Update: Furniture and wood products contract

Note: This story has been amended to correct information on October's new orders for the furniture and wood products' industries. 

TEMPE, Ariz. -- Economic activity in the manufacturing sector grew in October, but furniture and wood products manufacturing were not one of the industries that grew. Overall, the economy achieved a 29th consecutive month of growth, say the nation's supply executives in the latest Manufacturing ISM Report On Business.

According to the report issued by Timothy R. Fiore, CPSM, C.P.M., Chair of the Institute for Supply Management (ISM) Manufacturing Business Survey Committee, furniture and wood products were two of the manufacturing industries that reported contraction in October,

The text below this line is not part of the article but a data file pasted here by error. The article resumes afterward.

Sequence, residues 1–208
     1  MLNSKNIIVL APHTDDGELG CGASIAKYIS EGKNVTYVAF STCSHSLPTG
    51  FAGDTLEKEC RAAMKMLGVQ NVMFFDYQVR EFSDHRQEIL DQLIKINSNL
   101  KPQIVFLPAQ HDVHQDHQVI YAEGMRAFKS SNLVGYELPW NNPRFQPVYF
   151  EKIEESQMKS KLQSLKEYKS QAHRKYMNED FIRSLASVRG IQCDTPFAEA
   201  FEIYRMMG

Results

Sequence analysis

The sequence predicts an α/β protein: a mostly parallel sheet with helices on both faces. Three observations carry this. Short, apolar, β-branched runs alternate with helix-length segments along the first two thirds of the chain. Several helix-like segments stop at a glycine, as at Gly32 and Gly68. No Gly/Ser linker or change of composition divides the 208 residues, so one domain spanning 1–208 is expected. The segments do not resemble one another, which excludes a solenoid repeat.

Eight manufacturing industries reported growth in October, in the following order: Apparel, Leather & Allied Products; Nonmetallic Mineral Products; Machinery; Petroleum & Coal Products; Transportation Equipment; Miscellaneous Manufacturing; Plastics & Rubber Products; and Electrical Equipment, Appliances & Components. 

The 10 industries reporting contraction in October compared to September, in the following order are: Furniture & Related Products; Wood Products; Paper Products; Textile Mills; Printing & Related Support Activities; Fabricated Metal Products; Chemical Products; Primary Metals; Computer & Electronic Products; and Food, Beverage & Tobacco Products.

Overall, in October, the Manufacturing PMI registered 50.2 percent, 0.7 percentage points lower than the 50.9 percent recorded in September, according to Fiore.